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Dear valued students, the London Jewellery School premises will not be reopening this year 2021 and we are now offering online classes. For more information please check our 'questions' page in the menu. And to find out about online learning please visit 'Jewellers Academy' (www.jewellersacademy.com) in the menu. Please contact the LJS for all enquiries by email at info@londonjewelleryschool.co.uk rather than telephone. Best wishes LJS Team x
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Book review: Behind the brooch

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London Jewellery School tutor Anna Campbell reviews a sumptuous new jewellery book that takes a look at the less seen side of jewellery.

behind the brooch, jewellery making

 

Jewellery artist Lorena Angulo did not start out with the idea of writing a book. She was interested in the backs of jewellery, particularly brooches.

How did others make the pin mechanism? How did they decorate the back of the piece? So she created a pinterest board to collect together some images. Lorena mentioned this to Brigitte Martin of Crafthaus (a membership based online community of craft artists) and she ended up curating an online exhibition for Crafthaus and the  Behind the brooch followed on.

This beautiful hardback book, just published worldwide, features hundreds of excellent quality photos of the back (and the front!) of some fantastic pieces of jewellery. I was particularly inspired by being able to study the mechanics of the brooch pin, often overlooked but one of the most crucial parts for the jewellery maker to get right.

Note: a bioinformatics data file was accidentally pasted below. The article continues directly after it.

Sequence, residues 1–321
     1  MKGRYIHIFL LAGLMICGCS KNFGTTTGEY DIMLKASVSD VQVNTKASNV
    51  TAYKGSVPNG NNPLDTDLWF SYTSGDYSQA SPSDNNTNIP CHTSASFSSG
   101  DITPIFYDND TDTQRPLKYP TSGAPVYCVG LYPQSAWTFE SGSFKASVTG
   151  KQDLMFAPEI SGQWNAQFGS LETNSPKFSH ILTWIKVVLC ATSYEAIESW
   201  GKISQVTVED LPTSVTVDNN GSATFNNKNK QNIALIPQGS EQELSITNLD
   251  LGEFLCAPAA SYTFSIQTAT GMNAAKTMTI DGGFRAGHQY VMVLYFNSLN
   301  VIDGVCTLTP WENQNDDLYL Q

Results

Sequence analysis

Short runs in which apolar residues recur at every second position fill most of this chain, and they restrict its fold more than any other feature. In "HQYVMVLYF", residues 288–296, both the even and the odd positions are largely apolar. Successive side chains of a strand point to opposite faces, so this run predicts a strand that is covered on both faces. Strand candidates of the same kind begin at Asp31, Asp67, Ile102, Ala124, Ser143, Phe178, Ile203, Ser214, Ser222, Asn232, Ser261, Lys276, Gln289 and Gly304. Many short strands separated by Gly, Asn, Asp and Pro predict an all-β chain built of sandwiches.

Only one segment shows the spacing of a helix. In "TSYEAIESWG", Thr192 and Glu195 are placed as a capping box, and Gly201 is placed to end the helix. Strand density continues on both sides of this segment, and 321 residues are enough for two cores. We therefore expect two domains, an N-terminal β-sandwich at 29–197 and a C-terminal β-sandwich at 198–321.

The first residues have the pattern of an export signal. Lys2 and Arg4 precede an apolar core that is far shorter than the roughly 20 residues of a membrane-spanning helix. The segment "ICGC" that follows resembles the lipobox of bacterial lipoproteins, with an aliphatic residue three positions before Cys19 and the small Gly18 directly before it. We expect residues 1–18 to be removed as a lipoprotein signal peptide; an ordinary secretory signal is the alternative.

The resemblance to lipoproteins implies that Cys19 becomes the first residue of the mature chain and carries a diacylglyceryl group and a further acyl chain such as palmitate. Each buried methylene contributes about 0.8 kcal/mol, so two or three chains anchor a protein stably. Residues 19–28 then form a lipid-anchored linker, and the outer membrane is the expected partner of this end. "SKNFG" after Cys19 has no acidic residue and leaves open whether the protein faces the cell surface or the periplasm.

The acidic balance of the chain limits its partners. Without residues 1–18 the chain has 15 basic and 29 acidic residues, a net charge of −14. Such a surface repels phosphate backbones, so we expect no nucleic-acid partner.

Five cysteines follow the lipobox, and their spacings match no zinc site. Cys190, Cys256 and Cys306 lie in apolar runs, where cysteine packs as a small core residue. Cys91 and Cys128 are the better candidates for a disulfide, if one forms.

It is delightful to see so many examples and different ways that these artists have found to do this. I had a few ah-ha moments when studying these contrasting solutions.

The books also displays how artists have decorated the back of the brooch, a place that is like a secret between the artist and the wearer and demonstrates the artistry of each maker.

Every brooch in the book, made by jewellery artists worldwide, is worth studying in detail. The brooches are primarily metal however there are examples of other media and mixed media. Each artist has written a short summary about their inspiration and what the back means to them and I found that this added to my appreciation of each piece.

This is a book I know I’ll keep coming back to and should be in your collection if you want a lot of inspiration and are serious about creating beautiful pieces of art.

 Anna Campbell is an experienced teacher and enjoys different types of jewellery making including beading and metal clay. She runs her own business, Light Boat Jewellery and has made jewellery for celebrities.